“That puts the emphasis on schedule – we have to be ready on time. And that explains why the Proba platform was selected to host it, because its flight heritage allowing a large reuse of the satellite system and subsystems design.”
Shrinking the sensor
The Vegetation sensor still needed a complete re-engineering to fit onto a Proba platform, explained Luca Maresi, overseeing the payload design: “Vegetation is one of the smallest payloads aboard Spot-5, so the idea is to take it and fly it by itself. But Spot-5 is the size of a lorry, while the sofa-sized Vegetation weighs more than 130 kg.”
Vegetation had to be reduced in volume by a factor of ten, and ESA also sought improved performance, including increasing its spatial and spectral resolution. “It was big; it had to be small,” added Mr Mellab. “To achieve this, we had to take advantage of all advances in technology since the instrument was first produced in the early 1990s.”
Back then, only a combination of heavy glass lenses could yield Vegetation’s uniquely wide 105° field of view, and separate lenses were required for its four spectral bands. Its sensitive short-wave infrared detectors also demanded a heavy, power-hungry cooling system.
The drive to lose mass led designers to swap glass for lighter aluminium mirrors, which have the additional advantage of observing across all spectral bands without the need for duplication. The challenge was to produce aluminium mirrors with just the right ‘aspheric’ shape needed for Vegetation’s wide viewing angle.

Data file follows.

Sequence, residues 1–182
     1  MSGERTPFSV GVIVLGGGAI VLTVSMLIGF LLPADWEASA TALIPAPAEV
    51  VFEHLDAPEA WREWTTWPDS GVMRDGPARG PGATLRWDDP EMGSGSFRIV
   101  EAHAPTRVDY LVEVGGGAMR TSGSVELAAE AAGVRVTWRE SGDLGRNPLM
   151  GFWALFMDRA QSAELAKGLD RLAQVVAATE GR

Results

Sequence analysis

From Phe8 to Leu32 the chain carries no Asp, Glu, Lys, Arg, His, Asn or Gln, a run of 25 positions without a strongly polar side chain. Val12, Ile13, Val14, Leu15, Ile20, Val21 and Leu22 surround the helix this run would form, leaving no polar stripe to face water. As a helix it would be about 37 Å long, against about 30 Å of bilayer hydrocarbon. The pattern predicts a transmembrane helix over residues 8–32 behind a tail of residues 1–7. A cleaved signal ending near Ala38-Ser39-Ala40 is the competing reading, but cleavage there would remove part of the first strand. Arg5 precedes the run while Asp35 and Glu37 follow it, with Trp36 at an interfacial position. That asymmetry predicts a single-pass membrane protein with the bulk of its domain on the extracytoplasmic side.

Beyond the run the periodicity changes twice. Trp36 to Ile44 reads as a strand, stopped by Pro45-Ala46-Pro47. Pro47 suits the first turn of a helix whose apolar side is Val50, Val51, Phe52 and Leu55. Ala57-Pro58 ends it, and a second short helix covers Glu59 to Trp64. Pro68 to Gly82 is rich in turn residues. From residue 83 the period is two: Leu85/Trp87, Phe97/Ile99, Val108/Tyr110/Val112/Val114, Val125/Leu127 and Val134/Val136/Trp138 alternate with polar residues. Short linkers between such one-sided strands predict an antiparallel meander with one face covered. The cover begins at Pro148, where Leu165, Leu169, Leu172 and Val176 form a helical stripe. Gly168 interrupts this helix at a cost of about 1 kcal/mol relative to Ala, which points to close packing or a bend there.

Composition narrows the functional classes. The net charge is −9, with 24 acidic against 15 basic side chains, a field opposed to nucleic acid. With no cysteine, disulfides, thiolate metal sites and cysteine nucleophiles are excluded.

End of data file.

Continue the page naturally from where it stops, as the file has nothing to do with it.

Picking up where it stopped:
Reducing the size of mirrors needed, the imager was subdivided into three separate telescopes with overlapping views of 34° each, although even then its mirrors required a manufacturing technique of unprecedented precision known as ‘single-point diamond turning.’
A prototype telescope was developed last year through ESA’s General Support Technology Programme (GSTP), serving to develop hardware to flight readiness. Belgian companies are leading the project, with QinetiQ Space Belgium serving as the mission’s prime contractor and OIP Sensor Systems subcontracted to develop the Proba-V imager.
New design put to the test
At ESTEC’s Mechanical Systems Laboratory, OIP personnel oversaw thermal-vacuum testing of the Vegetation STM. Temperature-measuring thermocouples were attached before it was covered with multi-layer insulation (MLI) and placed inside a temperature-controlled box; it was then placed in a vacuum chamber. The aim was to duplicate orbital conditions, including the abrupt passage from light to darkness as the satellite passes behind Earth.